I’ve read a couple of articles recently about painting otherwise dark scenes with light. Given the continued atrocious weather outside I thought I’d have a go in our blacked out garage. 3 torches provided the light – 2 were static and one was used to paint individual elements in the scene. 25 second exposure at F2.8 & ISO 200. As ever, more practice required
From a pre-school 4-year old to a university bound 18-year old, I lived in Hornchurch on the east side of London. About a mile or two from our house on an adventurous route across fields, through woods and along a river, was Hornchurch Aerodrome; a disused, abandoned and partially dug up relic from The Second World War. This was a common destination during school holidays; perhaps with a little scrumping in the farmers’ fields along the way. There was always the dream of finding part of an old RAF fighter aircraft or some lesser find of parts from a bygone era. When that didn’t materialise, then it was the perfect place to wheelie, skid, jump and fall off our cycles and later motorbikes. It really was a place of dreams and adventures. Some of those dreams later became reality for me as I was lucky enough to fly fighter aircraft in the RAF.
On October the 25th 1940, towards the very end of The Battle of Britain, 23-year-old Pilot Officer Peter Olver was scrambled from Hornchurch Aerodrome in his Mk II Spitfire P7309. On his first operational sortie with 603 Squadron and with only 10 hours experience on the Spitfire, Olver was to intercept a raid of enemy aircraft over Hastings on the South Coast. In the ensuing battle, Olver engaged a number of Messerschmidt 109s in combat, but his aircraft suffered serious damage after being attacked by a 109 flown by Werner Moelders. Although himself wounded, Olver managed to bail out of his aircraft and parachute to safety. P7309 then crashed at Brede in Sussex.
The centre pieces of these cufflinks are made from from fragments of the Rolls Royce Merlin engine that powered Peter Olver’s P7309 that day in 1940, after the remains of the aircraft were recovered by aviation archaeologists. They were a recent gift from my brother and I got to wear them for the first time this evening at a dinner party hosted by some good friends – they feel rather special.
Went for a run early this evening over Hengistbury Head, overlooking Christchurch Harbour and Mudeford Beach. One of our favourite places in the World and we’ll miss it over the next few years. Ah well, it’ll still be here when we get back and I’m sure we’re going to find places just as special in the meantime.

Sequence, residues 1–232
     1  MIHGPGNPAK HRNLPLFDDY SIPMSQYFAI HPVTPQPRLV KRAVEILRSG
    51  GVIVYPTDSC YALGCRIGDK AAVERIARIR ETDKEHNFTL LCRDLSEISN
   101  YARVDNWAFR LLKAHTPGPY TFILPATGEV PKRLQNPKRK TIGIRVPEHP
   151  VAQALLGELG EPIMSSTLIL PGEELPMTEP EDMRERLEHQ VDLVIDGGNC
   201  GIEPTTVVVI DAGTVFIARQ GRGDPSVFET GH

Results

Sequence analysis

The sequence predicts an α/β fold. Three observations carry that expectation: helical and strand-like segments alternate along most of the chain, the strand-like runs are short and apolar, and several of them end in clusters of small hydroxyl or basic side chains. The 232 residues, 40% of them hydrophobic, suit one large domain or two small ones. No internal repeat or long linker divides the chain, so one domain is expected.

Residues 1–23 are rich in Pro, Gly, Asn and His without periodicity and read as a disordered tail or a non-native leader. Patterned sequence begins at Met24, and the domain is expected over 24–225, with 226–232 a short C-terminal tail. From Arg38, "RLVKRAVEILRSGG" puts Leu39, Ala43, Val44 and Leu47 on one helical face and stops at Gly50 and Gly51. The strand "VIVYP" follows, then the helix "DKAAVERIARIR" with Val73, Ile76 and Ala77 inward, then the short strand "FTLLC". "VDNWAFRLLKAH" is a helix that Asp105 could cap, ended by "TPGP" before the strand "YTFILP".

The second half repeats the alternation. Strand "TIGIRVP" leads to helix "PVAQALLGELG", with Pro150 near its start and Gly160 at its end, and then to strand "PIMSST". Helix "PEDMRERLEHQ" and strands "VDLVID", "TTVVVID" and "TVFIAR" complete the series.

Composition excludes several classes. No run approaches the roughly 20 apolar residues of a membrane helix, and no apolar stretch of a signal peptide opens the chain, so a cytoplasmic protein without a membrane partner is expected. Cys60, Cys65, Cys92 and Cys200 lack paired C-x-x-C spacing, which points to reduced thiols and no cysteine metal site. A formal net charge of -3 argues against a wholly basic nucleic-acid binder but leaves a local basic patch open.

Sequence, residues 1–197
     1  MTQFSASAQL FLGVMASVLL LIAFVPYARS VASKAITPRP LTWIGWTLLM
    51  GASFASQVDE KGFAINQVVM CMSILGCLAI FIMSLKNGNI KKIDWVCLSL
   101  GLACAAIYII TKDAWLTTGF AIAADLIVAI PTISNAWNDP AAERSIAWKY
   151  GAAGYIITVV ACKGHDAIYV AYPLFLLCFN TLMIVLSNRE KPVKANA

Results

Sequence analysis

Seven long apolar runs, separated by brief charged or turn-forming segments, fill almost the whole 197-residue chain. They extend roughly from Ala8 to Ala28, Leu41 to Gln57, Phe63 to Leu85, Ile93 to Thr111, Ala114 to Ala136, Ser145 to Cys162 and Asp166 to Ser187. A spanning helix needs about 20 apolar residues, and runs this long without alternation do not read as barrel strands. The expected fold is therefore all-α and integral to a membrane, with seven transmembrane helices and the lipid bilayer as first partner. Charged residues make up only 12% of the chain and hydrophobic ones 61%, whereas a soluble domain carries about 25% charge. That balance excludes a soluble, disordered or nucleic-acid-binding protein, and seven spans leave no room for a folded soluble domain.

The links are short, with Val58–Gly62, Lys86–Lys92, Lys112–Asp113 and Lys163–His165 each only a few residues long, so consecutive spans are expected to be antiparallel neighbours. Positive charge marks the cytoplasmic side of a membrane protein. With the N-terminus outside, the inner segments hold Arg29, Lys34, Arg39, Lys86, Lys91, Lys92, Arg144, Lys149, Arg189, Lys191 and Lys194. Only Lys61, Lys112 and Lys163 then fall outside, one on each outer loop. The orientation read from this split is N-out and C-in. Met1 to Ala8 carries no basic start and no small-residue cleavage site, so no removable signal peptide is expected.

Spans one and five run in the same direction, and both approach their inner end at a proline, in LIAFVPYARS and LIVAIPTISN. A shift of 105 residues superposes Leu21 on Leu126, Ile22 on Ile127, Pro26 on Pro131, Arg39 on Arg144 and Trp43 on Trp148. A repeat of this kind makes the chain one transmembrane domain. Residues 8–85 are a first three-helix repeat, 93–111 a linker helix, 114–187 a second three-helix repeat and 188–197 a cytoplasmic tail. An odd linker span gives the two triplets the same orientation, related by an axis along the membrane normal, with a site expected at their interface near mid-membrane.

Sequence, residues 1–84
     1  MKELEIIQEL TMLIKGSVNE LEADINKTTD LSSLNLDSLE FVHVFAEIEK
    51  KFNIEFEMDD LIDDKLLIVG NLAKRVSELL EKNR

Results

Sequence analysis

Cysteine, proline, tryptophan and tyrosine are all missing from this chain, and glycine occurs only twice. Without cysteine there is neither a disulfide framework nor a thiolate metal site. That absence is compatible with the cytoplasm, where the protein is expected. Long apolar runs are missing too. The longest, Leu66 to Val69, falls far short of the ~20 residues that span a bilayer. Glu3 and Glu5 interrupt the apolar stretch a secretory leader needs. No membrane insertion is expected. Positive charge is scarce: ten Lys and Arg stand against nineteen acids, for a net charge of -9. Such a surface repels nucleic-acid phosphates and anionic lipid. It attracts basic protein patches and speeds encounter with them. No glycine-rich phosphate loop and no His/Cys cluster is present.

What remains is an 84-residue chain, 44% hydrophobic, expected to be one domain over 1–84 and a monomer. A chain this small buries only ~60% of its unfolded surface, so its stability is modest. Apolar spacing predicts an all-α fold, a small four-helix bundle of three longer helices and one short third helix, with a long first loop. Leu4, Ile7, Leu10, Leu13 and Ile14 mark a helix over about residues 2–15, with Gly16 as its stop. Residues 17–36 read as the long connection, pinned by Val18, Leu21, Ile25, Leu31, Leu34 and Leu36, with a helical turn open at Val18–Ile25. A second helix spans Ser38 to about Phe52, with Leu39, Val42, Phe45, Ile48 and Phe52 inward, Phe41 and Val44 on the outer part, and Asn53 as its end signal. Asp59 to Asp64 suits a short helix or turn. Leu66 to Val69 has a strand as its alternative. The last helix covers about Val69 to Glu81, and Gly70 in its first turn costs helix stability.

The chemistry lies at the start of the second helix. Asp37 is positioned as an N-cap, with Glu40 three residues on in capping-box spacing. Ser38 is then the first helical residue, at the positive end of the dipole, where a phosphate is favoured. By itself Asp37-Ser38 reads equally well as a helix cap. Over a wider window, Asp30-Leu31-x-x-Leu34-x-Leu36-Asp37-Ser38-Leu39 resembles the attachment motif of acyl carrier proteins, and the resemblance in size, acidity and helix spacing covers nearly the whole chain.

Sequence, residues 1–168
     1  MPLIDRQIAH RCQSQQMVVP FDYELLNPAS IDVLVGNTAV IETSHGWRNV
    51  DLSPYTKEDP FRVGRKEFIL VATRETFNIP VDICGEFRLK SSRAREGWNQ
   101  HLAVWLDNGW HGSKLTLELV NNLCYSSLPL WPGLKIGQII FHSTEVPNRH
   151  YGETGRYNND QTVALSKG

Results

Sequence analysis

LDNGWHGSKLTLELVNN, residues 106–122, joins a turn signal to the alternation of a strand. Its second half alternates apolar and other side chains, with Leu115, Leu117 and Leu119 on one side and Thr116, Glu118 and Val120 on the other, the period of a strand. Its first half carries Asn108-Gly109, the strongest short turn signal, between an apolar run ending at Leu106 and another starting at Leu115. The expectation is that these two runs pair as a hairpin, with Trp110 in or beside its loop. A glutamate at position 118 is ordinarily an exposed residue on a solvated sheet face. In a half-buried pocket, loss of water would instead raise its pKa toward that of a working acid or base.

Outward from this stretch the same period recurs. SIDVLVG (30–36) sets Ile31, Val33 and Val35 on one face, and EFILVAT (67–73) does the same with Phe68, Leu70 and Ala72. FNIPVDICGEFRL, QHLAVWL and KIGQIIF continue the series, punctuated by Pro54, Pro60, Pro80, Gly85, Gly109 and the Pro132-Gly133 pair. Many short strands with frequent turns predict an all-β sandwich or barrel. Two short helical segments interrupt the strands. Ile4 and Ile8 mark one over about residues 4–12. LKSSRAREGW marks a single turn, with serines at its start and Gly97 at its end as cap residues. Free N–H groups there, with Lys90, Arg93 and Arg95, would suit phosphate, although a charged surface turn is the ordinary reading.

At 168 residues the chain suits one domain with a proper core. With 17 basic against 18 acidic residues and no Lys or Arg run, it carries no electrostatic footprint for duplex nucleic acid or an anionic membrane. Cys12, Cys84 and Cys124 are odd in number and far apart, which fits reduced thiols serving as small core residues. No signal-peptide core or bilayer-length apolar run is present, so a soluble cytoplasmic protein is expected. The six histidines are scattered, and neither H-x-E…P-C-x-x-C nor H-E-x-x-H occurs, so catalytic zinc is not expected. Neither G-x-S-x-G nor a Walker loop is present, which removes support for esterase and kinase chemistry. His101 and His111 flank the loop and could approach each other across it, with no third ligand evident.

We are lucky enough to get a large number and variety of avian visitors to our garden. One of my favourite species is the Robin. As well as being aesthetically pleasing, it is also a wonderful song bird. Most importantly for us photographers, it is a very inquisitive, voraciously hungry and extremely brave little creature which means that, despite its small size, it is relatively easy to get quite close for some great photos! Despite the old saying alluded to in the title of this post, this little fellow caught his worm and bugs mid-afternoon.
We’re in the midst of a massive clear out at the moment and I came across this wooden ‘Thomas the Tank Engine’ train set today. Is there any place in a child’s life these days for a toy that doesn’t run on batteries and isn’t made of silicon and plastic?
My first attempt at an HDR photograph….hmmm… Wrong subject, wrong light conditions, trial software (hence watermark), not enough time to process fully and couldn’t follow the logic of the internet sourced guidance. Not too impressed, but not too surprised either
Pip is our local greengrocer and this is his view for most of the day. We like Pip’s greengrocer’s stall – the produce is good, it’s reasonably priced, it’s very convenient to get to by bike or car and Pip’s a nice friendly bloke. Pip likes us – we’re regular customers and we spend most of our fruit ‘n’ veg budget in his shop. Business need not be too complicated, eh?